Editor’s note: The following entry was written by Jeffrey Rogers, a partner in the firm’s Chicago office.
Late last month, Washington State Governor Christine Gregoire signed into law the state’s first Medicaid Fraud False Claims Act. With the signing, Washington became the twentieth state to pass such legislation
The incentive for Washington was financial, as it was for the 27 predecessor states. That financial incentive was established with passage of the Federal Deficit Reduction Act of 2005. Specifically, the Act provided that states with False Claims Acts that mirror the federal False Claims Act qualify for a 10% increase in their share of any amounts recovered under those laws.
Like the federal False Claims Act, state False Claims Acts constitute powerful tools for fighting health care fraud. Relying upon such acts as well as other means of recovery, state Medicaid Fraud Control Units recovered $1.75 billion from civil and criminal cases in fiscal 2011 (Report of Office of Inspector General, HHS, March 28, 2012). During that same period, approximately $2.4 billion in total Federal False Claims Acts’ settlements were from the health care industry.
States that seek to take advantage of this incentive are required to submit their legislation to the U.S. Health and Human Services Office of Inspector General, who in conjunction with the U.S. Attorney General’s Office, determines whether the state act qualifies. The states’ False Claims Acts must: (1) create liability to the state for the submission of false or fraudulent claims with respect to Medicaid spending; (2) provide effective rewards to facilitate the filing of qui tam actions as described in the federal False Claims Act; (3) require that such actions be filed under seal for 60 days to allow for review by the state attorney general; and (4) impose civil penalties not less than those imposed by the Federal False Claims Act, that is, treble damages and a penalty of $5,500 to $11,000 per false claim.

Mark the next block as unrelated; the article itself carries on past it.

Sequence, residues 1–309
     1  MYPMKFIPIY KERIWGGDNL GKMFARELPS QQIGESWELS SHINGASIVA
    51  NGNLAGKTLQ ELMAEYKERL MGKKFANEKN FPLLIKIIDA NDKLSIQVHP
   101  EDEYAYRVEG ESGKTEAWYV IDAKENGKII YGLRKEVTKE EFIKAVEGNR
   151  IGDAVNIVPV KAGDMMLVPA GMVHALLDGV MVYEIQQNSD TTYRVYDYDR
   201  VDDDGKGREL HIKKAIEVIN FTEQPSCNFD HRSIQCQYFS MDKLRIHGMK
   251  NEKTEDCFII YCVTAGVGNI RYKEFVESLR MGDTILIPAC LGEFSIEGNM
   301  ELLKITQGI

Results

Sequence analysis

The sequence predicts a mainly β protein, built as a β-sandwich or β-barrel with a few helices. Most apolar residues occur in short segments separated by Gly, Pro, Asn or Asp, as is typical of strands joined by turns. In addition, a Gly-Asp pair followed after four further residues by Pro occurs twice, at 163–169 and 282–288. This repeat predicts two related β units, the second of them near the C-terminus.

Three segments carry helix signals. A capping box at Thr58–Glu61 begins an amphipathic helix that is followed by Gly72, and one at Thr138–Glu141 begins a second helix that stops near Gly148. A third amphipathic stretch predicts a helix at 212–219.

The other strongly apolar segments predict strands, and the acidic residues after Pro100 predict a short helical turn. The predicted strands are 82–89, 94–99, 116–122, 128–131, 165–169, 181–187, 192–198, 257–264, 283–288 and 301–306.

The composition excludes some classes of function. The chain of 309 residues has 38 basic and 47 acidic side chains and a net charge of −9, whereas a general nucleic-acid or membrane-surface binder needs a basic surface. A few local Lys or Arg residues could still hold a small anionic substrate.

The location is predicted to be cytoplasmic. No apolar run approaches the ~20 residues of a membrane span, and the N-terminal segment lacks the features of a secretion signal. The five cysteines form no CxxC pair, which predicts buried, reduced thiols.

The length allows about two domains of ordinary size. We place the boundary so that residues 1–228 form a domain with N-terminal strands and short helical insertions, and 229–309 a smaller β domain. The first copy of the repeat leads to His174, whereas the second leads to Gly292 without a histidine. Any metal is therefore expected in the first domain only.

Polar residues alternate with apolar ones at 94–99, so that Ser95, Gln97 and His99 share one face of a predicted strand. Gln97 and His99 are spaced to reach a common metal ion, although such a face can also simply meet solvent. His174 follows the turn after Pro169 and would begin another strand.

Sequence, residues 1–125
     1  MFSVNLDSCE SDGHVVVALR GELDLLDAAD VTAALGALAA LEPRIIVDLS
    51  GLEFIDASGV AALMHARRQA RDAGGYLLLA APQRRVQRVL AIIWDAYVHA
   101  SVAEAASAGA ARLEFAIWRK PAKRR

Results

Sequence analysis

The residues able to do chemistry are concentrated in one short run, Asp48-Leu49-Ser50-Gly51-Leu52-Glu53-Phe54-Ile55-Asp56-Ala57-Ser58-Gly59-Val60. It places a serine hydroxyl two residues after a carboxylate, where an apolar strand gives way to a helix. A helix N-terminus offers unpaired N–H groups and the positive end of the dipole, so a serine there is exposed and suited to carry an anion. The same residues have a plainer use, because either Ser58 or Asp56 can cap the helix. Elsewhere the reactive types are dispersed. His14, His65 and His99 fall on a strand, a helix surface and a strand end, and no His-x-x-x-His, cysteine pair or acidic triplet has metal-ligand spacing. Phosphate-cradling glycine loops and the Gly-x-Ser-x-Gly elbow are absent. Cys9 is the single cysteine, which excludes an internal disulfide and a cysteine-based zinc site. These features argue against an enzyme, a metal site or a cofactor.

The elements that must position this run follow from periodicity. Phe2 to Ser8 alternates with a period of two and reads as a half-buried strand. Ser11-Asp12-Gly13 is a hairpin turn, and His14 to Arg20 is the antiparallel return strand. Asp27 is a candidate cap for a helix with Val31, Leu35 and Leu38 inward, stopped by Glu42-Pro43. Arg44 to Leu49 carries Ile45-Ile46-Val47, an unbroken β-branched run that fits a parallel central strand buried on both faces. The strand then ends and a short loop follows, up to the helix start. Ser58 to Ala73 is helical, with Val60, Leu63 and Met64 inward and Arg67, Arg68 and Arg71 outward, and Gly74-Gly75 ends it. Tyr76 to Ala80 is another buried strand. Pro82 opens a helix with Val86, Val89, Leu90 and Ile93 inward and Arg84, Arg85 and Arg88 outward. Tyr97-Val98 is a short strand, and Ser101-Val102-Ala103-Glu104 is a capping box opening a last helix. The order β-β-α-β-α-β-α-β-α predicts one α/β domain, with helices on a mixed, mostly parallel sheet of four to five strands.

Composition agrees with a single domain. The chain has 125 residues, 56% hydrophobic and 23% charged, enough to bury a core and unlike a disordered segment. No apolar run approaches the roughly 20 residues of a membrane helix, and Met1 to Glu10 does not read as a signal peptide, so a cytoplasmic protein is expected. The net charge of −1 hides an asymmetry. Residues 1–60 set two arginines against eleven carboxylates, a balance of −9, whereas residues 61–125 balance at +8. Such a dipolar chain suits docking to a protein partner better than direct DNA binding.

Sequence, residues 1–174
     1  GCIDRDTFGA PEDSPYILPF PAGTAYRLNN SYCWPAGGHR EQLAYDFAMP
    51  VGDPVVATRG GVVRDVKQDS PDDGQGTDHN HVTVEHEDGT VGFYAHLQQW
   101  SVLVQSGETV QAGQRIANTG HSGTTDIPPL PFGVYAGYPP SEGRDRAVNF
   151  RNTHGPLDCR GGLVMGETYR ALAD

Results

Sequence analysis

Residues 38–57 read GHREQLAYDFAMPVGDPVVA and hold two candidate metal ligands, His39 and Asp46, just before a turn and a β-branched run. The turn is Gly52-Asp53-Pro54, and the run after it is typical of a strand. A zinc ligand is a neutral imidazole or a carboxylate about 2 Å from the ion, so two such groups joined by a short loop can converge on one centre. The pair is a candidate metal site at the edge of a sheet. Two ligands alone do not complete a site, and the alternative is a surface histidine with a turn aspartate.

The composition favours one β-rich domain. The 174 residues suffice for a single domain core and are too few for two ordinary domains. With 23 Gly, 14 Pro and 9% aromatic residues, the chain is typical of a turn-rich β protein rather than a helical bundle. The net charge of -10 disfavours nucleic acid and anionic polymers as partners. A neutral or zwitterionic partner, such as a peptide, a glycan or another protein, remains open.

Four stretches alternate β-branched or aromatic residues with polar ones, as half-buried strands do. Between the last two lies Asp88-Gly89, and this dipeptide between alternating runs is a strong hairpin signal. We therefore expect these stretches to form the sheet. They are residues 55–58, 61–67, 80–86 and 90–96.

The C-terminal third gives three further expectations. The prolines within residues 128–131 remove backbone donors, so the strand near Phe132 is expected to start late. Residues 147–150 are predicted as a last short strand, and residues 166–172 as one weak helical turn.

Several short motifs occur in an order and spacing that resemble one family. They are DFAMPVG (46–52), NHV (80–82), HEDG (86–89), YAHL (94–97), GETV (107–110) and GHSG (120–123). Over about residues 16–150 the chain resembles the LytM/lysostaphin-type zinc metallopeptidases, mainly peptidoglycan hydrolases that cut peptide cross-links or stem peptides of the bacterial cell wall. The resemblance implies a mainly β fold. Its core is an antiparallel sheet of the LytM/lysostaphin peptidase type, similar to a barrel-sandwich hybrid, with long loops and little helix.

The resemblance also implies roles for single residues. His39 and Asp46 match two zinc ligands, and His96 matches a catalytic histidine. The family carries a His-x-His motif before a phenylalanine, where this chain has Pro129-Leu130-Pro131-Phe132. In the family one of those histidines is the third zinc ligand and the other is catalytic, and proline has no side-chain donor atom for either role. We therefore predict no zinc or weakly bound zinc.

Following the institution of these incentives by the Federal Deficit Reduction Act, and also subsequent to the submission and approval of various state Medicaid Fraud False Claims Acts, the federal False Claims Act was amended in significant respects by the Fraud Enforcement and Recovery Act of 2009 (FERA), the Patient Protection and Affordable Care Act (ACA), and the Dodd-Frank Wall Street Reform and Consumer Protection Act (the Dodd-Frank Act). Among the provisions that were amended are those relating to the public disclosure defense, the definition of “claim”, reverse false claims and whistleblower protections.
State acts that were submitted for review after passage of the amendments have been and will continue to be reviewed for their conformity with the new amendments. State acts which were approved prior to the passage of the amendments are deemed to be compliant with the federal requirements until March 31, 2013. After that date, state acts which had been previously approved, will no longer be considered compliant unless the states re-submit new legislation for consideration prior to that date.
As both the federal and state governments continue to dramatically increase their enforcement efforts, all providers of health care services which are reimbursed in any respect by a federal or state health care program, must remain vigilant and prepared to defend against allegations of health care fraud, whether they are brought by individuals under the qui tam provisions of the respective acts, or by state and federal agencies acting on their own.